Preparing yourself for the risks associated with running an eCommerce business
The internet has opened up tremendous opportunities for business operators to expand their business beyond their backyard. This article provides some tips for those willing to take advantage of the digital marketplace with an eCommerce business, and for those who have already taken significant steps toward achieving this goal. Apart from the fundamental steps of establishing a website and embarking on a marketing campaign, there is much more to be aware of before celebrating that first sale.
What are the risks?
Domain name availability
One of the first things to consider once you’re ready to run an eCommerce business is establishing a domain name that accurately reflects your business name or activities. However, there’s a risk that your preferred domain name might already be taken, so you will need to have some alternatives in mind. Also, if you think you may face an issue with imitation websites using deceptively similar domains to freeride off your goodwill and reputation, it’s wise to also register domain names that are similar to the one you intend to use. This is known as a defensive domain name strategy.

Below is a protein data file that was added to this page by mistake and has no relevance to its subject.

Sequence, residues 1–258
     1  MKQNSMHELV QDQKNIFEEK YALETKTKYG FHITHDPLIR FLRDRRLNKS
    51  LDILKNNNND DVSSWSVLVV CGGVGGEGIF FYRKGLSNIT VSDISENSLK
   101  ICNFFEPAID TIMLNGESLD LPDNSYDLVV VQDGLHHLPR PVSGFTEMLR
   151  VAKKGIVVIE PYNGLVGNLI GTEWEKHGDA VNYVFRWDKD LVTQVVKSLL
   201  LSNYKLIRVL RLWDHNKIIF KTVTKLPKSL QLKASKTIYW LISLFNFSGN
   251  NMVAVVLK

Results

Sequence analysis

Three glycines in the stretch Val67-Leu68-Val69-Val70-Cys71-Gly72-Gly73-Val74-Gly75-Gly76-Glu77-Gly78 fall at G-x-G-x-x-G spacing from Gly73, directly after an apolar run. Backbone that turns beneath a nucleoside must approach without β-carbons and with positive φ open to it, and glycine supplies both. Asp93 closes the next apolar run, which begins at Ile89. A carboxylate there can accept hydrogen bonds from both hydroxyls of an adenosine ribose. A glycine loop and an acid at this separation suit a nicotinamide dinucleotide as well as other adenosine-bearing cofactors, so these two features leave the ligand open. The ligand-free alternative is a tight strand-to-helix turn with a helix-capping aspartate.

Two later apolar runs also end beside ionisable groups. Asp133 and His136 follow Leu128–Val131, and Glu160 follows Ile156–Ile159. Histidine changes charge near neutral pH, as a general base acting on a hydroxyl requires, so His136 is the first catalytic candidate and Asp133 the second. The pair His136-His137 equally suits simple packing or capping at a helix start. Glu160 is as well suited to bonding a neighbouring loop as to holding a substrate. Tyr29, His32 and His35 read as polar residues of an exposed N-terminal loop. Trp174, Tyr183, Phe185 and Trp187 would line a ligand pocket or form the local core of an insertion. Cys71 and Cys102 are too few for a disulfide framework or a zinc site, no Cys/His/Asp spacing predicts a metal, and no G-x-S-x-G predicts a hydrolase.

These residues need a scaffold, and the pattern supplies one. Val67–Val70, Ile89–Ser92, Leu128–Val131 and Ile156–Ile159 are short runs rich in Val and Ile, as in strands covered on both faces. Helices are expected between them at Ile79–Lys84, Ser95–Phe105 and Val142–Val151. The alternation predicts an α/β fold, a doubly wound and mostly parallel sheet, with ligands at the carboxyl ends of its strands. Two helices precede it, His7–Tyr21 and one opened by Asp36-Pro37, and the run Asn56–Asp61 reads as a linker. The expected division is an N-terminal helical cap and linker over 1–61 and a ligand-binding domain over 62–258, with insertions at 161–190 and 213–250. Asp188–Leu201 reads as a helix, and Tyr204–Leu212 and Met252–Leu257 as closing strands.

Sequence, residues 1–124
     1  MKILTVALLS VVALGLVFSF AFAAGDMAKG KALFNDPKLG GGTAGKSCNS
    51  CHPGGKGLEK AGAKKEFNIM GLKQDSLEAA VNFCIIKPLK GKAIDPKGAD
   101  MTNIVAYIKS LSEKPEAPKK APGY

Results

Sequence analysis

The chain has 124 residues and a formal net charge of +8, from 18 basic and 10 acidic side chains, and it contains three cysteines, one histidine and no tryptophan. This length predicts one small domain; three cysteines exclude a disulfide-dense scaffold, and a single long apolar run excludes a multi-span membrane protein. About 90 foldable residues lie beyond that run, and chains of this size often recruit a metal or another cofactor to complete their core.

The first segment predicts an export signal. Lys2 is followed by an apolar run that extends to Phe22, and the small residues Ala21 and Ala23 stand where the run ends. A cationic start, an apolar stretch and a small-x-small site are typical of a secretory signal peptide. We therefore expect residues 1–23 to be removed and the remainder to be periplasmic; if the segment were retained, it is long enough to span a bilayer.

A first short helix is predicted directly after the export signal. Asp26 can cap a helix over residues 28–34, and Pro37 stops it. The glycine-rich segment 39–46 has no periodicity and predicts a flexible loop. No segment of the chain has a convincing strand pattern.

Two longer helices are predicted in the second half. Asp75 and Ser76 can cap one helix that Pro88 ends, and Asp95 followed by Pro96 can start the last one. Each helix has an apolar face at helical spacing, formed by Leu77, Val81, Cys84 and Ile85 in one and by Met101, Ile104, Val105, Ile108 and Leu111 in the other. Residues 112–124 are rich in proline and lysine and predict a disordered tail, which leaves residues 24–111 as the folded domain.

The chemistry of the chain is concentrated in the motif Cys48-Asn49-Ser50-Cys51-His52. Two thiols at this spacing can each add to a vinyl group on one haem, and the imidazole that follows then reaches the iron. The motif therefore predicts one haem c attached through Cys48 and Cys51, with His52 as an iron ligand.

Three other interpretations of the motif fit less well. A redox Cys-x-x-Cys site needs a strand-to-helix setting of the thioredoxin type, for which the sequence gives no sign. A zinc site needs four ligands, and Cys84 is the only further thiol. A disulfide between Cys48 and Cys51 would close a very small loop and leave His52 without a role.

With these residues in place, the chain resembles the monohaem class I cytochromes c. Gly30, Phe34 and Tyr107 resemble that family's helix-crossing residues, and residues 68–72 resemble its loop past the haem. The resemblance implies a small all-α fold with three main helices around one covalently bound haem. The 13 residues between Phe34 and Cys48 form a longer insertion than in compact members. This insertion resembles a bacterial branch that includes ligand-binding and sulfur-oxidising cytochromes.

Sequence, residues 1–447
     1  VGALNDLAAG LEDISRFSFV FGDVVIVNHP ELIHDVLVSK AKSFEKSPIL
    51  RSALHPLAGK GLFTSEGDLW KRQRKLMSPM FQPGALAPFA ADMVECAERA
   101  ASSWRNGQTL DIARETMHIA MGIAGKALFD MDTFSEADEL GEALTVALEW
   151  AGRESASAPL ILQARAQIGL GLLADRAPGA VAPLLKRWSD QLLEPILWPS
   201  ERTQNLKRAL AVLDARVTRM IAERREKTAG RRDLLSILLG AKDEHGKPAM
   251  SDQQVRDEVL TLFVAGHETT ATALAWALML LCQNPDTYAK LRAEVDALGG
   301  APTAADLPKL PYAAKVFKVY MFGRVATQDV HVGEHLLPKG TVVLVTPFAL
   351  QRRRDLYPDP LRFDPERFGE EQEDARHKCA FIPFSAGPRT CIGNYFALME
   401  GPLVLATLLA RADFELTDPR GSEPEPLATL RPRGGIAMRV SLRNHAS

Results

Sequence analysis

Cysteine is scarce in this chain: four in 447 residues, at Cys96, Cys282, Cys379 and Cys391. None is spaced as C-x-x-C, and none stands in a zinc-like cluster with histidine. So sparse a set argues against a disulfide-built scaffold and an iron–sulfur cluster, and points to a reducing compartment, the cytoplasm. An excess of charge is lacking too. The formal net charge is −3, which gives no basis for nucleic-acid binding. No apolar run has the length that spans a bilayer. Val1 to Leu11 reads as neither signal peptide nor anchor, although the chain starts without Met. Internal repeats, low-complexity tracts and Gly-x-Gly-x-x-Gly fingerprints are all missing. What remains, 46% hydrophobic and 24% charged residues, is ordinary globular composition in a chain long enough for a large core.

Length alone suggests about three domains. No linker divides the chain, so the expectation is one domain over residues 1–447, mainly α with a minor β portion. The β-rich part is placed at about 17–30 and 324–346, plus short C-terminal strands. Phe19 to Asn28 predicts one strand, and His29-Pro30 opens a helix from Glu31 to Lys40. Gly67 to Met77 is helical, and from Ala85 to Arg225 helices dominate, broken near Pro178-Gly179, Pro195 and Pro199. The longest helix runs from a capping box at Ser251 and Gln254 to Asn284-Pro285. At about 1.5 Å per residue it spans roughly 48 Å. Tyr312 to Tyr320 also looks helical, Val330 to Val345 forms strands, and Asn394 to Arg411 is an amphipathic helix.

Failure to launch
Moving online from a bricks and mortar presence offers the potential to access far more customers. However, the risk is that too few will see your new store. It’s always a good idea to start early on the marketing and possibly launch a trial enterprise before going all-in. In fact, going all in is a mistake many optimistic eCommerce business owners make, so keep a healthy nest egg in reserve, just in case things don’t go to plan.
Intense price competition
Online shoppers can be very price sensitive, and when selling online, you'll be competing with sellers in markets with far lower costs. Keep warehousing and staffing costs as low as possible to ensure you’re also able to offer competitive pricing. You could use an existing marketplace such as Amazon or eBay, which provide an instantly recognisable platform and an ability to easily compare your wares against those of other sellers.
What are the obligations?